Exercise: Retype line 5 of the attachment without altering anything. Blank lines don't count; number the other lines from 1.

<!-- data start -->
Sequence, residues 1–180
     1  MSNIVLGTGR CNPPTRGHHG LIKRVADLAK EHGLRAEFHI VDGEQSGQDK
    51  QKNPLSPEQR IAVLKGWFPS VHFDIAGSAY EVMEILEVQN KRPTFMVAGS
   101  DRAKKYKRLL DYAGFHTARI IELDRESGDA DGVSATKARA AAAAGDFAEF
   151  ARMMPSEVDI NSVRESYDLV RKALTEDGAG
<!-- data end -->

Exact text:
   151  ARMMPSEVDI NSVRESYDLV RKALTEDGAG